In your case, you might decide that non-OCD people do not rewash every time they sense they've gotten splashback from the sink. Maybe you then decide that you will only quickly rinse again the next time you get splashed, instead of rewashing with soap. You need to decide this before you start the process and then commit to it. When you wash and get triggered, and you feel like you need to rewash all over again, you need to stick to your plan, knowing that you are following the course of action you chose when you were rational. It will feel wrong during the trigger, but that is because you have OCD. Treat the anxious discomfort the same way you would treat a headache or a sore muscle -- it is painful but you can disregard it in order to do what you need to do. It has nothing to do with actual contamination, because in your rational moment you've already decided that non-OCD people would not consider it contamination.

Finally, a critical component (for me) is to refrain from ruminating on an exposure. If you resist the urge to wash again, but then spend the next five hours looping through the experience in your mind, trying to determine if you are contaminated or not, or what may happen if you are, you are just substituting the compulsion of ruminating for the compulsion of washing.

OldiesFan profile image
OldiesFan in reply to MothFir

Going through with not doing the compulsion is the super hard thing. I did this just the other day: I thought, "I'm just going to wash like a normal person/normally, and be done." Then I thought water splashed on my hands. And I tried to ignore it. I got so scared. Because in some way to me, it is rational: "What if I get sick, and it's from that drop of water? How do I know? I don't know." (Of course others don't seem to, but what if this is the one time?") Does that make sense? I guess that's the doubt.

So I'm always thinking, "Just in case. Just in case."

Ha, I washed the other day exactly because I was ruminating on having not washed, standing there panicking thinking, "What if I need to? What if I get sick?"

MothFir profile image
MothFir in reply to OldiesFan

The "what-ifs" and "just in cases" are what get you. Taken to the extreme, every precaution can seem rational -- again, why risk eating solid food when you could choke on it? Why travel anywhere when you could be hurt or killed at some point in the journey? Why take a chance using electricity when it could electrocute you, start a fire, or give you cancer? Those are all possibilities, but they're below most people's threshold of "things I need to worry about."

In the end, of course, it's up to you. Like my therapist told me, no one is going to arrest you for doing compulsions. But if your current approach to germs has you "at the end of your rope" and "exhausted," there is a way out. 🙂

One more thing that has helped me when I get stuck on a "what if" scenario: I tell myself, "Well, [the feared thing] might happen, but it won't be because of this." In your case, there are probably other things you do that could make you sick that your OCD hasn't latched on to. Food you eat could be spoiled, there could be germs in the air, a spoon that you think is clean might not be. So if you "take a chance" and resist rewashing after getting splashed from the sink, and then you get sick, will you really know it's because of the sink? Or are there other possibilities that are a lot more likely? Probably you would never really know why you got sick. If you told a doctor, "You know, I sometimes got a drop of rinse water splashed back from the sink and I didn't rewash thoroughly afterwards," would they really say, "Oh yeah, I bet that was it!"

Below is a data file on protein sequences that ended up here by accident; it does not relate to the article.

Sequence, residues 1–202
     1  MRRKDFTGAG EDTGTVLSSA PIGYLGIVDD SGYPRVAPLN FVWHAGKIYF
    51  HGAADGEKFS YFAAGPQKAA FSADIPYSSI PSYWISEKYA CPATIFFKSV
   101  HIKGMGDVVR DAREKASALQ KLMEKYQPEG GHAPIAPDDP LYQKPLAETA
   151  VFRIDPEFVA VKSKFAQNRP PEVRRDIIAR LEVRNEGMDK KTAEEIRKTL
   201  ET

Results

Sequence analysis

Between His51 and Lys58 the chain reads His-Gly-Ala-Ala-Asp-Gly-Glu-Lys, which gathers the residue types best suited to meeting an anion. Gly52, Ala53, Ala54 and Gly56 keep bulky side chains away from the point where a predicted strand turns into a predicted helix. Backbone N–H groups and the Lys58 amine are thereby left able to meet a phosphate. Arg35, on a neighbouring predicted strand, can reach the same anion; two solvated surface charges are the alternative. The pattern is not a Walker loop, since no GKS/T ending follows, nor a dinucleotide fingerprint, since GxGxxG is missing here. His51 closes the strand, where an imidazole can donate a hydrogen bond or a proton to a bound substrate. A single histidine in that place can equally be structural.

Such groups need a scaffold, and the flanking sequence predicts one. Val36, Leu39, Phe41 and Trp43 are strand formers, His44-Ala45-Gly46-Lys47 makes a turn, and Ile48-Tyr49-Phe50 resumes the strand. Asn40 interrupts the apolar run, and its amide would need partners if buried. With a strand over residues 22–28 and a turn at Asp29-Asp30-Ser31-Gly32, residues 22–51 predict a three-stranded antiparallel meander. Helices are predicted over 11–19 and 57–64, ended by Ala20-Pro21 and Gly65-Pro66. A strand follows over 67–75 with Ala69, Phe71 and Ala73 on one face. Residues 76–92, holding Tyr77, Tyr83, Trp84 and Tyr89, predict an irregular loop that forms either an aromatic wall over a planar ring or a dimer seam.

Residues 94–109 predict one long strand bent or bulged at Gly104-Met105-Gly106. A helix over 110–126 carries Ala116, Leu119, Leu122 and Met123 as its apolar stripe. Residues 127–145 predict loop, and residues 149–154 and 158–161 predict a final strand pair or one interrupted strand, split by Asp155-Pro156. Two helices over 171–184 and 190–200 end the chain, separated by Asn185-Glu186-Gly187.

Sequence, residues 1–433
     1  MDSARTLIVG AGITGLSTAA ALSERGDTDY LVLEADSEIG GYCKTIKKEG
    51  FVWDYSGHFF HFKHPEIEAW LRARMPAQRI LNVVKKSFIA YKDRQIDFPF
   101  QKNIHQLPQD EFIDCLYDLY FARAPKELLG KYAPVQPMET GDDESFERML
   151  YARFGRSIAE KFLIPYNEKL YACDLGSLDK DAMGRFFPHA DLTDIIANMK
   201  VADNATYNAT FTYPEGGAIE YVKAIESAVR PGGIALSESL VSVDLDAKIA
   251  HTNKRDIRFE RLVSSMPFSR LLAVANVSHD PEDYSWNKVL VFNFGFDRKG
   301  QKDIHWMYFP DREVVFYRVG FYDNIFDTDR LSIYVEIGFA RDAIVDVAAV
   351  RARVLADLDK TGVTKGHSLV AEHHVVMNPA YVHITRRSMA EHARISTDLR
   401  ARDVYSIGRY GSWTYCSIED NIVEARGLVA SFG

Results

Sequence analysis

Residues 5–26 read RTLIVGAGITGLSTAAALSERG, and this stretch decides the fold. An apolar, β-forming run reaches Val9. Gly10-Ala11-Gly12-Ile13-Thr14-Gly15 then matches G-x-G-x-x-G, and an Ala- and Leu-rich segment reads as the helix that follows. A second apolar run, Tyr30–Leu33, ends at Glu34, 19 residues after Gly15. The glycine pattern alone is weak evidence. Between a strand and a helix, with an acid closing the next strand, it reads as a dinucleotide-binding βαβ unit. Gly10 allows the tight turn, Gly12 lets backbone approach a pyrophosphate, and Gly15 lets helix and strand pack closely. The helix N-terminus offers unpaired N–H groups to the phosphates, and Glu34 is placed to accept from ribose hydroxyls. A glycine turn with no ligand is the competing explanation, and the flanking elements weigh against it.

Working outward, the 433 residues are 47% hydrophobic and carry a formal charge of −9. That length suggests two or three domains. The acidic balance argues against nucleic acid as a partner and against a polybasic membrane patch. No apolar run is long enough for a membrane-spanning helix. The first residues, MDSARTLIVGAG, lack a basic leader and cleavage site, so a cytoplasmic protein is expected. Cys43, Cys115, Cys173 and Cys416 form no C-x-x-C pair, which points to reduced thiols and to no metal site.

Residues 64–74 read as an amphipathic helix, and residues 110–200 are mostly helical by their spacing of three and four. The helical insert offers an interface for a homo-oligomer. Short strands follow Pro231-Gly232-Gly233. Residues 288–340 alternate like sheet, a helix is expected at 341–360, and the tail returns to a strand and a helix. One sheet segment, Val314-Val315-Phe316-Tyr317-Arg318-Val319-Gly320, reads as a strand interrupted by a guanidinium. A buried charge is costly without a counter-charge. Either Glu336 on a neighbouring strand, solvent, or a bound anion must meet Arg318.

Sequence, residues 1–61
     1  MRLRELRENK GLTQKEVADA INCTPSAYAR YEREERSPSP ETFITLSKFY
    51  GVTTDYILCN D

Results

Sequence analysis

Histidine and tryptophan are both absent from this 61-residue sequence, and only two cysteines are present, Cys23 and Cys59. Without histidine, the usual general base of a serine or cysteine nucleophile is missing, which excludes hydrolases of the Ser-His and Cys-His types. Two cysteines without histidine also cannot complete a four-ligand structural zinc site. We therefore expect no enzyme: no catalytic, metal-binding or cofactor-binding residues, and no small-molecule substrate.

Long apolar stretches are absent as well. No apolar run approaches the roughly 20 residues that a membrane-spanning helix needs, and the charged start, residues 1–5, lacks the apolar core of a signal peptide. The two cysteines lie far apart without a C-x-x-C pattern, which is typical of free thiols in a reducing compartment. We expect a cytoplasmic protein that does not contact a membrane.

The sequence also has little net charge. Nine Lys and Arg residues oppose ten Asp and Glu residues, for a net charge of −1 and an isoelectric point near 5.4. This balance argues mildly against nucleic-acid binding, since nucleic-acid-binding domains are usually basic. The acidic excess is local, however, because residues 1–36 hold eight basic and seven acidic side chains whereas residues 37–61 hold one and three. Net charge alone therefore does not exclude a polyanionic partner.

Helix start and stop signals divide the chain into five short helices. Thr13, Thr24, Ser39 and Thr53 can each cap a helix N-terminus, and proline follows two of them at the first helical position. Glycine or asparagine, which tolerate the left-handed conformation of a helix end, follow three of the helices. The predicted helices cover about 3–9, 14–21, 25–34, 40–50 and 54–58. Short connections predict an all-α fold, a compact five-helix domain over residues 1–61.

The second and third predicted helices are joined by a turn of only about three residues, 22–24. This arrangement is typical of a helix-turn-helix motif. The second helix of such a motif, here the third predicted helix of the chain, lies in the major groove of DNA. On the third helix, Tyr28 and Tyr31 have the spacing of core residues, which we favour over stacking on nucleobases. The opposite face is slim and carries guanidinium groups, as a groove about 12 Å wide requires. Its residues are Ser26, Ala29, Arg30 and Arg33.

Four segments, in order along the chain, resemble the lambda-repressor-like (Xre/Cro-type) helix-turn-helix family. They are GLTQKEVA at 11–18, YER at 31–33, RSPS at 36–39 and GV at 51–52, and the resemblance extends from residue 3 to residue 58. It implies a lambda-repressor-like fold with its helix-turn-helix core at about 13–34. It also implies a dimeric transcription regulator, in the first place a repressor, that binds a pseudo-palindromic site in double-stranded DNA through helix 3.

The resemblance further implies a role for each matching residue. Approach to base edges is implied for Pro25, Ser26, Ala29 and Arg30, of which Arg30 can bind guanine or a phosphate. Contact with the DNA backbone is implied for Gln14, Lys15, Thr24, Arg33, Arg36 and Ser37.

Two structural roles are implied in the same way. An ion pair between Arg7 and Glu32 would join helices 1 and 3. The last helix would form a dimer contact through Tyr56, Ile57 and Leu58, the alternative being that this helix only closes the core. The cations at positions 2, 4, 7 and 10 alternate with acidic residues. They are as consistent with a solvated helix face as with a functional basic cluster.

OldiesFan profile image
OldiesFan in reply to MothFir

Ha, that's a good point. I don't think the doctor would say that. :) This whole issue has actually expanded to surfaces and other objects--clothes, spoons, as well as food safety/expiration dates, etc. I'm very aware of those things. In fact I've started washing more clothes and silverware lately because I'm afraid they've touched something...

Anyway. I hope I don't sound like I'm pushing back against you; I just want to share where I'm coming from. I do want out! I've had a few tiny victories here and there the past week.

MothFir profile image
MothFir in reply to OldiesFan

I totally understand. My OCD always comes up with new and creative ways to make the same old threats, and it's easy to fall for it. Expecting that and resisting compulsions as much as you can will help over time. Good luck!

mind-full profile image
mind-full in reply to MothFir

"In the end, of course, it's up to you. No one is going to arrest you for doing compulsions. But if your current approach to germs has you "at the end of your rope" and "exhausted," there is a way out."

Well said, MothFir. It nicely summarizes everything. Remember there are only 24 hours in a day. How we choose to use that time is up to us.

While exposing myself to fears, repeating "this is going to feel wrong" has been helping in a big way. In the end, I know recovery is the right thing to do. I step through my anxiety, and into a small victory.

Don't let germs stand in the way of progress, OldiesFan. In your vigilance to prevent sickness, you grow more negligent of mental health. You get exhausted.

Do what's right by doing what feels wrong. Challenge your negative (worst-case) thinking.

I know: easier said.

OldiesFan profile image
OldiesFan in reply to MothFir